Devils River State Natural Area
All camping and facility stays are by reservation only. Reservations must be made at least 1 day in advance. The park is unable to accept payments of any kind.
Things to Do
Fed by numerous clear springs within the region's karst topography, the Devils River is one of the most ecologically intact rivers in Texas. From the hilltops and water's edge of Devils River State Natural Area, visitors can revel in the sight and sound of the river's waters tumbling over limestone past rugged ridges, canyons and grassy banks, giving life to diverse plants and wildlife.
The 37,000-acre state natural area consists of three units--the original 20,000-acres state natural area, now called Del Norte; the newly acquired 17,000-acre unit known as Big Satan; and Baker's Crossing, the paddler access bridge area on State Highway 163. At Del Norte, which is open to the public, visitors can enjoy day hiking, primitive camping, nature viewing, mountain-biking, horseback riding, swimming, and guided rock-art tours (by appointment). Big Satan is not yet open to the public. Baker's Crossing provides a paddler put-in and limited primitive paddler camping for one night prior to trip launch.
Devils River State Natural Area is unique in that it is primitive and isolated, with few amenities and no landscaped playgrounds. Visitors should bring their own food and water and be prepared for a rugged wilderness experience.
Preparing for a Trip on the Devils River
The wild, scenic Devils River draws kayakers and canoers seeking to paddle 47 miles from the paddler put-in at Baker's Crossing, or 32 miles from Del Norte, downriver to Lake Amistad National Recreation Area. However, a Devils River trip is highly strenuous and recommended ONLY for experienced paddlers equipped to spend at least three days in a remote area.
Access to the river in Del Norte (0.9 miles from the parking area) is by hiking, biking or pre-arranged tour only; no public vehicle access permitted. No motorized boats are allowed.
Beginning February 1, a Devils River Access Permit (DRAP) will be required for all trips on the Devils River which access TPWD-managed lands. The cost of a DRAP is $10. Read more information about how to obtain a DRAP and how to prepare for a trip on the Devils River.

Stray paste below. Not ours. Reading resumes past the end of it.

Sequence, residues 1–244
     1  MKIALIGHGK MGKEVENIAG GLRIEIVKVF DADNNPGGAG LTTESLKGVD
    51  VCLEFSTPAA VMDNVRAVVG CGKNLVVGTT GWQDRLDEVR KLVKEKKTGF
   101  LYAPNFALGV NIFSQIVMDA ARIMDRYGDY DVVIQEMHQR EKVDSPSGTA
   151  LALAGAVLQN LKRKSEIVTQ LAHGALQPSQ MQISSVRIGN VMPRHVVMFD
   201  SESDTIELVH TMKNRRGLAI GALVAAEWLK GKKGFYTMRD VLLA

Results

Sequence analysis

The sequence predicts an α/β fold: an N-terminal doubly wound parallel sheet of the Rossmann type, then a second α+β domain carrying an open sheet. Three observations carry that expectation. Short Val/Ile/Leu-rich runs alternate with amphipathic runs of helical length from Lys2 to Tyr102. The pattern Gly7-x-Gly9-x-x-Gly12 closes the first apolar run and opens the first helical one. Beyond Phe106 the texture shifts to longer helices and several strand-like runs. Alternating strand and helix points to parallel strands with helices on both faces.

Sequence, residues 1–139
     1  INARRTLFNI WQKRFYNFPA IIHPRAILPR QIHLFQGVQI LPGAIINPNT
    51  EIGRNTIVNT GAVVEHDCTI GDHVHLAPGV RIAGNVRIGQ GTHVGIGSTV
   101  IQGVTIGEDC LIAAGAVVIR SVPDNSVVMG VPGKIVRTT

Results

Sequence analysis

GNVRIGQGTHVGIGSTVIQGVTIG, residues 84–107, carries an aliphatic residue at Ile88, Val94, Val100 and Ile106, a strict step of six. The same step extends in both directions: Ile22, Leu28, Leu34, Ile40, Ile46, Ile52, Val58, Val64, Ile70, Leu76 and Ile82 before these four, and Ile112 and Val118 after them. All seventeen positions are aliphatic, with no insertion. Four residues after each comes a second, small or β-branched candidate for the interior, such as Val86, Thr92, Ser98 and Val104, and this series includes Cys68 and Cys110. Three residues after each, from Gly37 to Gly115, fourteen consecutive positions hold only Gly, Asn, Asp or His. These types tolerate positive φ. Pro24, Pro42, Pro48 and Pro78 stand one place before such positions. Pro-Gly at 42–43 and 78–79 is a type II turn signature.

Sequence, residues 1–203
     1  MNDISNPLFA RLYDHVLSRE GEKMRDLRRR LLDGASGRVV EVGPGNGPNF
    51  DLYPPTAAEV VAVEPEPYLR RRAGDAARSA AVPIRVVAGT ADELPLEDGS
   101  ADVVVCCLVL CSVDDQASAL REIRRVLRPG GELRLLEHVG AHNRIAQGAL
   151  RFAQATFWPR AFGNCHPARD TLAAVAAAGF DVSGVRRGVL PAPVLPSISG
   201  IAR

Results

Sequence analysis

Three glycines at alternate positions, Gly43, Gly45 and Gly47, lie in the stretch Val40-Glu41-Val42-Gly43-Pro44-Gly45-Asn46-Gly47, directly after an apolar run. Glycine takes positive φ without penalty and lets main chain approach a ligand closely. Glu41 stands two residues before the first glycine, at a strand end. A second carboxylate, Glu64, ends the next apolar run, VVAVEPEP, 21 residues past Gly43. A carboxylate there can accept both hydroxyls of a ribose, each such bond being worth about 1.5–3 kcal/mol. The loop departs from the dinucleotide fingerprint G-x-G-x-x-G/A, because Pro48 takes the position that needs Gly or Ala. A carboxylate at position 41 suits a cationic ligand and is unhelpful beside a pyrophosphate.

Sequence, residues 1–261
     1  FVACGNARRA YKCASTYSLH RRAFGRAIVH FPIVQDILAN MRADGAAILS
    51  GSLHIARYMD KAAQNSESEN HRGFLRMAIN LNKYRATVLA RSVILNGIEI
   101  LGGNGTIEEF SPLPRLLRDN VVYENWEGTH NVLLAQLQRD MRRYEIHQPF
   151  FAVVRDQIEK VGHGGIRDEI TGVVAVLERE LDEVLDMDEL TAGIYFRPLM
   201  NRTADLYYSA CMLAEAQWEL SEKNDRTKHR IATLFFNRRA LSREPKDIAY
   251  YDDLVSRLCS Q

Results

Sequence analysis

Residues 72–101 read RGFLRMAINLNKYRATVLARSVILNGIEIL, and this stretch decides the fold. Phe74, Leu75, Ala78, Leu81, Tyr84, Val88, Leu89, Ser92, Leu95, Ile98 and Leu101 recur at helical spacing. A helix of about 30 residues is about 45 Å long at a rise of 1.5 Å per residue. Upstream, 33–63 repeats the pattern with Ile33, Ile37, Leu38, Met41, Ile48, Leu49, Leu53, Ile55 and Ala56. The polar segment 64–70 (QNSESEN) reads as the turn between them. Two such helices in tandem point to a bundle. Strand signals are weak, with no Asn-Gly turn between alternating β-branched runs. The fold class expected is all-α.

Public Use and Planning
The Texas Parks and Wildlife Department (TPWD) is developing a General Management Plan for the Devils River State Natural Area (SNA) to allow for sustainable, resource-based recreation. The plan allows for put-ins and take-outs on the SNA properties at river miles 0, 15 and 30. TPWD has established shuttle service agreements that allow outfitters to shuttle river users to Baker's Crossing (river mile 0) or San Pedro Point (river mile 15) in Del Norte; and allow them to be picked up at Big Satan.
In order to prepare for the opening of the south unit and to preserve the ecological integrity of the Devils River and surrounding lands, Texas Parks and Wildlife has been working with stakeholders and the public to develop plans for Devils River State Natural Areas, as well as for responsible long-term public use of the Devils River.
Visitation of archeological pictograph sites is permitted on a pre-approved basis only. For natural and cultural resource tour arrangements, call the State Natural Area at (830) 395-2133. There are no regularly scheduled educational programs. Availability of tours is limited due to staffing constraints.
Outfitters & Guide Services
Texas Parks and Wildlife Department has established shuttle service agreements with two outfitters to provide shuttle service for put-in and take-out on state-managed lands.
- Gerald Bailey
Devils River Outfitters
P.O. Box 421923
Del Rio, TX 78842
Phone: (830) 395-2266
Mobile phone: (830) 703-0089
- Kevin Stubbs
Phone: (210) 602-9284
Nearby attractions include Seminole Canyon State Park & Historic Site, Kickapoo Cavern State Park, Amistad National Recreation Area, and the cities of Del Rio and Ciudad Acuña. More information on Lake Amistad can be found at the Amistad National Recreation Area website, the International Boundary & Water Commission website and the .